After her family is captured, the youngest member of a Scottish war band must embark on a dangerous journey to rescue them.  Ages 9-12.

Buttheads from Outer Space by Jerry Mahoney (3/6)
Two friends accidentally invite a gross butt-headed alien race to conquer the earth.  Ages 8-12.

A Bad Night for Bullies by Gary Ghislain (3/13)
The daughter of a horror novelist gives a boy “the stone of the dead” and his bullies begin being haunted.  Ages 8-12.

Bone’s Gift by Angie Smibert (3/20)
In a 1942 coal mining town, a girl with a gift for seeing visions when she touches inanimate objects must accept her gift and come to terms with her mother’s death.  Ages 9-12.  

Hurricane Child by Kheryn Callender (3/27)
An unlucky girl struggles with the crush she has on her best friend as the two girls venture out in a hurricane to look for her mother and escape the spirit that is following her.  Ages 8-12.

Aru Shah and the End of Time by Roshani Chokshi (3/27)
Trying to prove that an ancient lamp is cursed, a girl accidentally awakens a demon and must embark on a quest to free her mother and classmates from its curse.  Ages 9-12.

Peasprout Chen, Future Legend of Skate and Sword by Henry Lien (4/3)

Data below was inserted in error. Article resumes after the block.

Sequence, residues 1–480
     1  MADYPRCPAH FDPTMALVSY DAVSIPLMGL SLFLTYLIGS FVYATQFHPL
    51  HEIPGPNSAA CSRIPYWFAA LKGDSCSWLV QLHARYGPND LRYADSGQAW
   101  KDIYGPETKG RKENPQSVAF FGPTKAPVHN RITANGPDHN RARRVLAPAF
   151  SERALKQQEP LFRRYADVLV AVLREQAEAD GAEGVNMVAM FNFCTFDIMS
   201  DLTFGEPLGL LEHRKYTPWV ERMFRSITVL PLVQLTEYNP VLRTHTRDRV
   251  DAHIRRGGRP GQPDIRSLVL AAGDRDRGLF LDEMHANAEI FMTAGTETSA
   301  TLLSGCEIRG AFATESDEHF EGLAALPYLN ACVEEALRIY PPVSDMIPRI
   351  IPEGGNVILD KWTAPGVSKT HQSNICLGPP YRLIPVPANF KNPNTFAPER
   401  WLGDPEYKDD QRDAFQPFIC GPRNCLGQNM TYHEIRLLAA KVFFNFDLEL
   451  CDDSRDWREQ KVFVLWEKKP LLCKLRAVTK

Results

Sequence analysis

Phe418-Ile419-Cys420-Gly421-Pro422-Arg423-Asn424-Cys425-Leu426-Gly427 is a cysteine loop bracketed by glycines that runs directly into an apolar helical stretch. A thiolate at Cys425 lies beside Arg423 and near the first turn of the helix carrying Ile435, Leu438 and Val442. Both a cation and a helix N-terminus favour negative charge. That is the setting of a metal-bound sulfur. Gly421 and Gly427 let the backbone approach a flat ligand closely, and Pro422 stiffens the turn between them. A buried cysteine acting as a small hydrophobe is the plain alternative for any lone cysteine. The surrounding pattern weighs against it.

A young figure skating martial artist must track down a vandal to clear her name in time for a competition.  Ages 10-14.

How to Sell Your Family to the Aliens by Paul Noth (4/3)
In an attempt to get rid of his grandma, a boy accidentally sells his whole family to aliens.  Ages 8-12.

Maggie and Abby’s Neverending Pillow Fort by Will Taylor (4/3)
Two girls building a pillow fort discover an international network of magically interconnected pillow forts and wind up on the wrong side of “the authorities.”  Ages 8-12.

The Unflushables by Ron Bates (4/10)
A boy and a team of plumber superheroes must protect the city from sewer mutants.  Ages 8-12.

The Lifters by Dave Eggers (4/24)
Two girls descend into a world of underground tunnels to stop a mysterious evil force from destroying their town.  Ages 8-12.

Endling #1: The Last by Katherine Applegate (5/1)
The last survivor in a species of mythical canines seeks a sanctuary as she flees from those who hunt her.  Ages 8-12.

Evangeline of the Bayou by Jan Eldredge (5/1)
An aspiring haunt huntress and her grandmother uncover a terrifying secret on a trip to New Orleans.  Ages 8-12.

The Rose Legacy by Jessica Day George (5/1)